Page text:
Two former Bear Stearns hedge fund managers acquitted in 2009 of charges they misled investors have settled with the Securities and Exchange Commission over similar allegations.
The deal between the SEC and Ralph Cioffi and Matthew Tannin is likely to be announced on Monday, the day their trial on civil fraud charges was to begin. It is unclear whether the two men will admit to any wrongdoing, nor what sort of penalties, if any, they will face.
The SEC sued Cioffi and Tannin in 2008, at the same time as their criminal indictment. The two men were accused of lying to investors about the financial health of their two hedge funds, the Bear Stearns High-Grade Structured Credit Fund and a more highly-levered sister fund, which collapsed in 2007. One of the first casualties of the credit crisis, the funds' demise cost investors some $1.6 billion and contributed to the eventual collapse of Bear itself.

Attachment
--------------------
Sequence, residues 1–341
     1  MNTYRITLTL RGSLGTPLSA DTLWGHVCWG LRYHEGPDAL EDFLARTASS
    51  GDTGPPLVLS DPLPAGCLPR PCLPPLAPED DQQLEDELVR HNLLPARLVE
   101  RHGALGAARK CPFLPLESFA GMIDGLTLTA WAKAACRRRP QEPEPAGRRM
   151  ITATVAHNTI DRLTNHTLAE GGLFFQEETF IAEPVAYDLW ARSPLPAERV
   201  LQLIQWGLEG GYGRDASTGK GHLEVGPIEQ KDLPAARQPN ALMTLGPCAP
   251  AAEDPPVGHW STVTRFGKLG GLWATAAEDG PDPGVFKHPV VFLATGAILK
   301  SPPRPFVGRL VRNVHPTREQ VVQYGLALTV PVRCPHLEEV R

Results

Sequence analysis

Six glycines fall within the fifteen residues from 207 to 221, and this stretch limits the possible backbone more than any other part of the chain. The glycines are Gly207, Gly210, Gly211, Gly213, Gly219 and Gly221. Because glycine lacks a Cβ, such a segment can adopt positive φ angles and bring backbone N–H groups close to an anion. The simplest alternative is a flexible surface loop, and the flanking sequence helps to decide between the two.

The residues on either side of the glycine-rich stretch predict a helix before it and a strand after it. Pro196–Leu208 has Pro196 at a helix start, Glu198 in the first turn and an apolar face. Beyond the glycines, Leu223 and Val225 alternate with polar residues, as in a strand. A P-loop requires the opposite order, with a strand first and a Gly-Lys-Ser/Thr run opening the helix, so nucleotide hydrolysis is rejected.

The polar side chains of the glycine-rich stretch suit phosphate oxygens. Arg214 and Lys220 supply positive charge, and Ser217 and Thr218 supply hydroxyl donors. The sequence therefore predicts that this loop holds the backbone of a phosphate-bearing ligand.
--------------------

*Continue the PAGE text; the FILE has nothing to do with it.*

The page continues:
Despite bluster on both sides, the SEC, Cioffi and Tannin had a good deal to lose at trial. The former, which rarely pursues civil cases after a criminal acquittal, could suffer a major embarrassment amidst a major winning streak in insider-trading cases, and the latter would have to contend with a lower burden of proof in the civil case.